As per the new framework, the central government, in consultation with RBI sets: (i) an inflation target, and (ii) an upper and lower tolerance level for retail inflation. The target has been set at 4%, with an upper tolerance limit of 6% and a lower tolerance limit of 2%. The upper and lower limits indicate that although it is desirable for inflation to be close to 4%, deviation between these limits is acceptable. The target and bands are revised every five years. In March 2021, the existing targets were carried forward.  

Retail inflation has been above 6% for the past nine months, and it has been above 4% from October 2019 onwards (See Figure 1).

Figure 1: Consumer price index (year-on-year; in percentage)


Sources: Database on Indian Economy, Reserve Bank of India; PRS.

If inflation is above or below the prescribed limits for three quarters, RBI must submit a report to the central government explaining why prices have been rising (or falling) persistently, what will be done to correct that, and an estimate as to when the target will be achieved.   

The MPC uses tools such as interest rates to control the level of inflation in the economy. One such rate is the policy repo rate, which is the rate at which RBI lends money to banks. An increase in the policy repo rate makes borrowing money more costly, and hence is expected to control inflation by reducing the money supply. MPC increased this rate from 4% in April 2022 to 4.4% in May 2022, to 4.9% in June 2022, to 5.4% in August 2022, and to 5.9% in September 2022.

Breaking down the Consumer Price Index and the Wholesale Price Index

Consumer Price Index (CPI) measures the general prices of goods and services such as food, clothing, and fuel over time. Retail inflation is calculated as the change in the CPI over a period of time. Goods and services such as petrol, food products, health, and education are considered for its calculation, which are assigned different weights (See Table 1). Between February 2022 and August 2022, the average annual inflation was 6.9%. The rise in prices of subcomponents of the CPI during this period is indicated in Table 2.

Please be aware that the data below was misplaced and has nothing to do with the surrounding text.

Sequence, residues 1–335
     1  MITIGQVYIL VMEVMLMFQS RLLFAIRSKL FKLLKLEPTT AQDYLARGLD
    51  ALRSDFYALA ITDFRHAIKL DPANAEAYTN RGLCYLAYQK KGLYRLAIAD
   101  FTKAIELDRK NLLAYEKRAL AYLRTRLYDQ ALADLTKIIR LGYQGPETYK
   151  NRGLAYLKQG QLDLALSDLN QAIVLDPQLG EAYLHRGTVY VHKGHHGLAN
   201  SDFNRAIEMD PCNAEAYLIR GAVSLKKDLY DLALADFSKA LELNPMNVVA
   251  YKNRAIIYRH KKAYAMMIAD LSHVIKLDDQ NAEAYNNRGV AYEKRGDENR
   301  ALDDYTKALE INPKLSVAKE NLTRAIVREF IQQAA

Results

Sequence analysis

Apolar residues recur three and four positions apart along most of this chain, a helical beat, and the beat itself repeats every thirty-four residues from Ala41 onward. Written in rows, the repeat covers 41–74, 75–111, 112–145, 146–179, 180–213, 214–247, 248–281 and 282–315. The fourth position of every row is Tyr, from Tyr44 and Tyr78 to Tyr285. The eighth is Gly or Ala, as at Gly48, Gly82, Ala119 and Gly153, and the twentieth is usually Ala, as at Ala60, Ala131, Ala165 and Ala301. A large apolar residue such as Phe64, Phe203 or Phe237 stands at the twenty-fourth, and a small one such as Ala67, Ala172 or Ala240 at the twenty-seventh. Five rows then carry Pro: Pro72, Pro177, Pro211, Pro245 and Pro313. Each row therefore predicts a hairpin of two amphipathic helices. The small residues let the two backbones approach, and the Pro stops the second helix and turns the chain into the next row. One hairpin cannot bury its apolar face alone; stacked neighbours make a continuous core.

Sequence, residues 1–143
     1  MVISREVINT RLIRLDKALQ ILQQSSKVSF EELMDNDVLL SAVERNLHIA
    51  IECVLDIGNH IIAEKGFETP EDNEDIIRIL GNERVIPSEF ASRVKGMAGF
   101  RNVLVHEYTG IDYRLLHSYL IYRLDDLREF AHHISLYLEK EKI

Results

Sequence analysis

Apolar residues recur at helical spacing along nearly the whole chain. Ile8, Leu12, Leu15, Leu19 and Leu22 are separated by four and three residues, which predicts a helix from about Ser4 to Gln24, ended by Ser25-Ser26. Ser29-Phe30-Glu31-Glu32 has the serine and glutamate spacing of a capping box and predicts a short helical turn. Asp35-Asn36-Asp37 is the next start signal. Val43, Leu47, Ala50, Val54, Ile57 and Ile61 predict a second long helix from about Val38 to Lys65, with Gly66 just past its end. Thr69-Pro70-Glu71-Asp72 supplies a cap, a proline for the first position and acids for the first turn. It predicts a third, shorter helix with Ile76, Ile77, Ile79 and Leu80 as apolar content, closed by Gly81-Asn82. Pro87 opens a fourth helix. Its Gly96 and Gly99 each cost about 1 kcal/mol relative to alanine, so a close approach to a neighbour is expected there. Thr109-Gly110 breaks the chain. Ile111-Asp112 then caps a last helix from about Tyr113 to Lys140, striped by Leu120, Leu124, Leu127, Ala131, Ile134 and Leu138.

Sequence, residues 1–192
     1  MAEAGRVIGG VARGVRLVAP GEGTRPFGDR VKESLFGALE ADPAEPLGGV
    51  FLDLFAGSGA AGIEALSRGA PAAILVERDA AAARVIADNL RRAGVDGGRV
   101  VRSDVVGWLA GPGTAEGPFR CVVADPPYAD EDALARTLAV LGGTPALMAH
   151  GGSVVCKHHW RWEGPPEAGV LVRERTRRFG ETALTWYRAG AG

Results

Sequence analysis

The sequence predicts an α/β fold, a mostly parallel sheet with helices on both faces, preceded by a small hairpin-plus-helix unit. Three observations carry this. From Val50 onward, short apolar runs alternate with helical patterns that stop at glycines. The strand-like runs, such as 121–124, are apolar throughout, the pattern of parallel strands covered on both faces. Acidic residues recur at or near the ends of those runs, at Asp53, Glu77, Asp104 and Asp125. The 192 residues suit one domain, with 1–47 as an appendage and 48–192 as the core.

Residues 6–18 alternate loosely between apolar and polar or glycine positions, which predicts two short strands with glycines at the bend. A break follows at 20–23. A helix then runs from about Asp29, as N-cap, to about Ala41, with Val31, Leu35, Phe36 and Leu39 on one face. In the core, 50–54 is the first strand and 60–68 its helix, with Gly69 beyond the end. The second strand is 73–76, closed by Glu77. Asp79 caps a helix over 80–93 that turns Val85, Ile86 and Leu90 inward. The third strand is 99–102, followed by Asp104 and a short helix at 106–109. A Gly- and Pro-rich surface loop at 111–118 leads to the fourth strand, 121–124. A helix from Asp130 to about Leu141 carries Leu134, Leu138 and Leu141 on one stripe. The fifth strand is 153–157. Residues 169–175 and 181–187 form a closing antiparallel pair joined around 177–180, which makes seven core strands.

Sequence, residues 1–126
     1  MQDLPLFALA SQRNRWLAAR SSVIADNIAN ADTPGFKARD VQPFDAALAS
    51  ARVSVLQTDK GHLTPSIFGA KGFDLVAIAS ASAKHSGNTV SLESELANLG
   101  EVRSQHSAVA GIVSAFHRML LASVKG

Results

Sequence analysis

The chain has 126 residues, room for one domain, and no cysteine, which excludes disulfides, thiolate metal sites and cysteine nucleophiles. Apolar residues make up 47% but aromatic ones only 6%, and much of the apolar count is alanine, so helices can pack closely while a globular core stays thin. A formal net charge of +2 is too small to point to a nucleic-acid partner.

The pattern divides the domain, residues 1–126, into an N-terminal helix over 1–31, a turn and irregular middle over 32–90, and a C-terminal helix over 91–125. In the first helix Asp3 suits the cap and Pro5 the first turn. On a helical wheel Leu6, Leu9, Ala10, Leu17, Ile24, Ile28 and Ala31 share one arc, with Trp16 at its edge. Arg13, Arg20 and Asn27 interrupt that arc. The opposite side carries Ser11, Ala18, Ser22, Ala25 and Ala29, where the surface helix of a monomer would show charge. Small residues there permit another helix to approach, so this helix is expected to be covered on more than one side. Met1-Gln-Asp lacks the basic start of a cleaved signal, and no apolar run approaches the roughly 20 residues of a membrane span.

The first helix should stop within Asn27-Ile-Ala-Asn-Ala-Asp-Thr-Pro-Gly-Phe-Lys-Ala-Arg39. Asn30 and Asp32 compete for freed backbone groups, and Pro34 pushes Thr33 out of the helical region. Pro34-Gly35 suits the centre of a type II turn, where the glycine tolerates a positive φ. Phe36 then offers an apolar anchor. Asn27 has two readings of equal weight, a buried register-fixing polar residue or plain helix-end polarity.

Table 1: Assigned weights for the calculation of CPI



Food and beverages


Miscellaneous (including petrol and diesel, health, and education)




Clothing and footwear


Fuel and light


Pan, tobacco, and intoxications




Sources: MOSPI; PRS.

Table 2: Average inflation of some CPI components
between February 2022 to August 2022 (in percentage)

Subcategory of CPI

Average inflation



Oils and fats




Fuel and Light


Transport and communication


Cereals and products


Sources: Database on Indian Economy, RBI; PRS.

CPI is not the only index that measures inflation in an economy. The Wholesale Price Index (WPI) measures the wholesale prices of goods. A change in wholesale prices reflects wholesale inflation. Table 3 indicates the weights assigned to goods for calculating the WPI. Manufactured goods include metals, chemicals, food products, and textiles.   

Primary articles (23%) include food articles, and crude petroleum and natural gas. Fuel and power (12%) include mineral oils, electricity, and coal.  WPI has remained above 10% from April 2021 onwards. It reached an all-time high of 17% in May 2022. This was driven by the inflation in metals, kerosene and petroleum coke, fruits and vegetables, and palm oil.

Table 3:Assigned weights for the
calculation of WPI (in percentage)



Manufactured products


Primary articles


Fuel and power


All commodities


Sources: Ministry of Commerce and Industry; PRS.

Why has WPI inflation been consistently above CPI inflation?

Movements in the WPI have an impact on the CPI.  For almost a year and half, CPI inflation has remained below WPI inflation.  However, as per the design of the indices, it is expected that CPI would remain above WPI, and that any increase in WPI would reflect in the CPI after a time lag.  This is because retail prices include taxes (as a percentage of price), while wholesale prices do not.  Additionally, some of the goods in WPI act as inputs in the goods considered in CPI.  An increase in input prices would lead to higher retail prices after a time lag.

We discuss possible reasons for why CPI has remained below WPI for a year and a half.

Figure 2: Consumer Price Index and Wholesale Price Index


Sources: Database on Indian Economy, Reserve Bank of India; PRS.

Composition of indices

As indicated in Table 2 and 3, the composition of the two indices varies. For instance, prices of manufacture of basic metals, chemicals, and machinery grew at an average rate of 13% between February 2021 and September 2022.  They contribute 7% to the WPI. These are input goods for producing final goods and services such as automobiles, which are included in the CPI. The rise in prices of transport vehicles, communication devices, fuel for transport, and housing (CPI components) rose by 6% during this period.

The Ministry of Finance has observed that wholesale prices did not feed into retail prices (from March 2021 onwards) as wholesalers absorbed the rising input costs and did not pass them on to retailers. In August 2022, it noted that as retail prices are rising now, the pass-through may occur.